Sparrows land nervously on backs
of chairs . . . which they punctuate.
Pigeons stroll unruffled between feet;
seagulls peer from tops of umbrellas,
certain there's no sling shot in this
migrant Italian Melbourne suburb.
Feathered dinosaurs: peckish-brave,
cocksure. Diners wave them off!
They barely shift, let alone exercise
those miraculous wings.
Crust of bread. Crumb of cake.
Knowing how the system works,
they're willing to put in the hours.
I give 'em clean plates 'n dirty looks.
Soft-headed woman to my right,
Mama Teresa of Australia,
feeds God's insatiable creatures,
encourages uppity beggars who
then expect something for nothing.
I wear myself out for my pay
which translates into scrumptious
aperitivi then sweets with espresso.
Melburnians of all backgrounds flock
to Brunetti to sip, peck at panini,
gobble up an array of desserts.
We jostle to survey sugary delights
within glass cases, place orders/pay
then devour our fill, and more.
Later, back in our suburban nests,
we drink tap water, take a tablet,
feel a bit guilty, sickish, fulfilled.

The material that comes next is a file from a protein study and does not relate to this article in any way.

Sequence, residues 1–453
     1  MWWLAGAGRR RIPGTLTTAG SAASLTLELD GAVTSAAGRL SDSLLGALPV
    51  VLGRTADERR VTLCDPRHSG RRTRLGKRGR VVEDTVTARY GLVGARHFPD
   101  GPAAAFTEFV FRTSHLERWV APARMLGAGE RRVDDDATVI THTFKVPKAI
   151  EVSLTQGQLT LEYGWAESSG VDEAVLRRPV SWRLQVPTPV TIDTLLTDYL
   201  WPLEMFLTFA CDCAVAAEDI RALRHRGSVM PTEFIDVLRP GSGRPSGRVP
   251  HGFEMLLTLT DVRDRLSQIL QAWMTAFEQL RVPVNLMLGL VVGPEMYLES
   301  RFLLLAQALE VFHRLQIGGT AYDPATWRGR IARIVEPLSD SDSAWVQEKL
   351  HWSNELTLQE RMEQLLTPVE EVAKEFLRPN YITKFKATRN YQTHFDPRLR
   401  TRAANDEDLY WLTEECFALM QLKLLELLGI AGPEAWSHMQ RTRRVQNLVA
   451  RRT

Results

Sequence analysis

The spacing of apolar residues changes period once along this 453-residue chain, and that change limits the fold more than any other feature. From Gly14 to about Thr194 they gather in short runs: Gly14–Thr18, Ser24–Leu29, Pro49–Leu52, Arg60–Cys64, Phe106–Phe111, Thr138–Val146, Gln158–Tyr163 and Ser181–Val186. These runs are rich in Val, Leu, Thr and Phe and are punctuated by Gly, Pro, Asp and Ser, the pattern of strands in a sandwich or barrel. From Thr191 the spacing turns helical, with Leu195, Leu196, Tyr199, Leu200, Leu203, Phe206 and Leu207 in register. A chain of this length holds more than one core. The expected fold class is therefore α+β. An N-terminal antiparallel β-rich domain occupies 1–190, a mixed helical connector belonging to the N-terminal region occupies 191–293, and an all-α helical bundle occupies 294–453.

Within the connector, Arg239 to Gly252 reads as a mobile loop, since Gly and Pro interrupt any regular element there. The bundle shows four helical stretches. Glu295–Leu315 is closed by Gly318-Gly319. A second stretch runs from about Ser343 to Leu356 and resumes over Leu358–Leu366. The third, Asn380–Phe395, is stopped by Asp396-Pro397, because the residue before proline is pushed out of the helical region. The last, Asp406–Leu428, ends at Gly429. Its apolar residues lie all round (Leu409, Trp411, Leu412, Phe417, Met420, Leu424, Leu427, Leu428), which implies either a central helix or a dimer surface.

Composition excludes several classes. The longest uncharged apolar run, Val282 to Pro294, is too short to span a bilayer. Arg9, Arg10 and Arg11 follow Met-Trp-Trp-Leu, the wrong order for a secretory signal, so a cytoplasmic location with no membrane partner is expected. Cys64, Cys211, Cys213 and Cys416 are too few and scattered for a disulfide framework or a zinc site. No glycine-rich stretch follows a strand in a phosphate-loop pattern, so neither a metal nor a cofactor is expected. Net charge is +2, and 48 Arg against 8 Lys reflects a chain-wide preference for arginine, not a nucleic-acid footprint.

Foto Sicily: Fashion
and current volcanoes
both fashionably smoke
on their way to extinction.
One smallish, ragged, insubstantial
cloud, high above formidable
remaining pieces of Greek temples
near what is now called Agrigento,
a bustling, filthy tourist town of this
day’s Italian, not Greek Sicily.
I view things from my temporary
vantage point. What else?
Valley of the Temples is not a valley
in any terrain sense and defunct
temples are crumbling, vandalised
attractions some think more romantic
by night, illuminated not by moon
but, more dependable, spotlights.
Little cloud, illuminated by sun,
changes shape as it ages.
Made-to-last temples take millennia to
completely unmake, despite destructive
invaders, relentless wind, rain,
Cloud seems wistful, free as it floats
through atmosphere as, I suppose,
we all do from some distance.
All barely here yet imagining
precious raindrops or marble
permanence, while absorbing
rays from an indifferent star.